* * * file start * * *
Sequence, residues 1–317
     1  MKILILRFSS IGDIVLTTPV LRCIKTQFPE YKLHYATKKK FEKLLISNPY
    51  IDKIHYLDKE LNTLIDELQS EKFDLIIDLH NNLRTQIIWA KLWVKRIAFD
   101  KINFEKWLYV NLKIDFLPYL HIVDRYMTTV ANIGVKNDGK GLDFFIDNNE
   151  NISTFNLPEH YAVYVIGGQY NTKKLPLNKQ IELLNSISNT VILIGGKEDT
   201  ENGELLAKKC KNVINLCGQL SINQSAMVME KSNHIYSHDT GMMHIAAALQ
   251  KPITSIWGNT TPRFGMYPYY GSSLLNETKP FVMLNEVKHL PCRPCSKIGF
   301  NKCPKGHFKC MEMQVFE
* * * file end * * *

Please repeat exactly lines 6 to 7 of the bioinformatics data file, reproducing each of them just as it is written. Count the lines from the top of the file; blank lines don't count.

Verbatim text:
   201  ENGELLAKKC KNVINLCGQL SINQSAMVME KSNHIYSHDT GMMHIAAALQ
   251  KPITSIWGNT TPRFGMYPYY GSSLLNETKP FVMLNEVKHL PCRPCSKIGF